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The Jury: Part 2

Jurors in the jury box

When I served as a judge, one of the most frequent contacts I had with the general public went something like this, “Hey Judge, I received a notice from the Sheriff that I have been selected for jury duty and I can’t serve because (insert excuse here.)” The request would lead to a discussion of civic duty, which did not often result in the retraction of the request. But one thing did, “What if you needed a jury? Would you appreciate someone with your reason being excused?” That at least caused the juror to think about it. On the other hand, people would...

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The Jury: Part 1

Jurors in the jury box

Most of my career as a prosecutor, judge, and now an attorney in private practice has one common thread woven throughout working with juries. Sometimes thrilling, sometimes frustrating but always fascinating, the ways that juries hear the evidence, consider the law and make their decisions never lose my interest. Recently, I was asked on a radio interview “Why do juries have twelve members?” My initial urge was to say, “Not all do.” And go into a description of how in Ohio civil and misdemeanor juries have eight members and grand juries have nine. But I resisted the urge to give the pedantic...

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What is a Grand Jury?

What is a Grand Jury

In Ohio, juries are generally one of two types: Grand or Petit (from the French for small or short) Juries. Grand juries have longer terms of service and consider many cases. Petit juries are called to try only one case.  In this article, we look at the history and function of the Grand Jury. In English legal history, each county had a Grand Jury serving for a term of court (in Ohio a term of court is for 4 months). The King's Judges rode circuits throughout the counties trying to have court in each county at least once per term. Without resident...

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What is the difference between a felony and a misdemeanor?

What is the difference between a felony and a misdemeanor

Criminal charges in Ohio generally fit into two categories: felonies and misdemeanors. So what is the difference between the two? Traditionally, a felony charge carries a potential prison sentence or the death penalty. Whether or not prison or death is imposed may be up to the jury or judge.  Two major changes have happened to change the general definition of felonies. The first is "mandatory sentences." Mandatory sentences are imposed for crimes involving among other things: sex, drug, and firearms offenses. If a person is convicted of this kind of crime, they must be sentenced to prison. The second is "non-prison" felonies. These offenses...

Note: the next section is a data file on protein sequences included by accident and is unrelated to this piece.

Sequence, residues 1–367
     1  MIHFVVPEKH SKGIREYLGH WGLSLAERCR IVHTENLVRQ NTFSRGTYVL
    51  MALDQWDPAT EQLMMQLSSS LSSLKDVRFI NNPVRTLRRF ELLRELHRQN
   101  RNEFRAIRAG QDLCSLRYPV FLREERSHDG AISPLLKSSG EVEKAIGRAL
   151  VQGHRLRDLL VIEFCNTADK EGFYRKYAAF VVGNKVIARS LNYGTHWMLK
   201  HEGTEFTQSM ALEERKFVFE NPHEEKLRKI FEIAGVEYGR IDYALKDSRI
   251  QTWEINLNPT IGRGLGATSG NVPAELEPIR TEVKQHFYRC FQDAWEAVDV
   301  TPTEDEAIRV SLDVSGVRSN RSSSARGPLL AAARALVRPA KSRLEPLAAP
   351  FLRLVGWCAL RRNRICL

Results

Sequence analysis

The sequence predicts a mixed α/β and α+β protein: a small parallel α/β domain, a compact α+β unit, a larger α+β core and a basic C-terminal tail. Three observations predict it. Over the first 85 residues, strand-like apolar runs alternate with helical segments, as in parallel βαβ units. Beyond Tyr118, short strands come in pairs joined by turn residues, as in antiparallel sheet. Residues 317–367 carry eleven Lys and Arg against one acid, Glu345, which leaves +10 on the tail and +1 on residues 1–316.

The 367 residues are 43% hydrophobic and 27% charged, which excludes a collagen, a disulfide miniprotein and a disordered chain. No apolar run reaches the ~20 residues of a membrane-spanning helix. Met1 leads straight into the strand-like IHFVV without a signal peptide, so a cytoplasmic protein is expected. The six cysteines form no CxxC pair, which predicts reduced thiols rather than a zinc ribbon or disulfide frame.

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The Basics of Bail: Part 2

The Basics of Bail

In my last article, I explained the different kinds of bail bonds that permit an accused to be released from jail pending trial. The most important aspect of bail is how the court is supposed to set the type and amount of bond to assure the accused’s appearance in court. Ohio law provides that a judge must consider the following factors in setting bail bond: 1. Nature and circumstances of the crime charged, and specifically whether the defendant used or had access to a weapon; 2.Weight of the evidence against the defendant; 3.Confirmation of the defendant’s identity; 4.Defendant’s family ties, financial resources, character, mental condition, length...

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The Basics of Bail: Part 1

The Basics of Bail

An initial hurdle to cross in criminal defense is how to obtain an accused person’s release from jail pending trial. The accused must “post bail.” The image from movies is a bail bondsman, with a neon-lighted office near the jail taking money from the accused’s family and warning the accused that Dog the Bounty Hunter will be looking for him if he “skips bail.” The reality is different, and a bit more complicated. First, what is the purpose of bail? Simply, bail assures the accused’s appearance as required in court. There are three general types of bail: recognizance, “10%,” and surety. Recognizance bail often...

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What to Expect in a Criminal Investigation

What to Expect in a Criminal Investigation

A criminal investigation can be a very stressful and confusing time for you. Below are frequently asked questions and answers to guide you, or a loved one, when facing a criminal investigation: Q: Do I need an attorney during a criminal investigation? A:  Not always- but it is highly recommended. An attorney will be able to ensure that law enforcement officials are properly, ethically, and legally conducting said investigation. The U.S. Constitution and Ohio Constitution provide an abundance of protections to those who are under criminal investigation. As such, an attorney will ensure that your rights are protected.   Q: I cannot afford an attorney during a criminal investigation, what do I...

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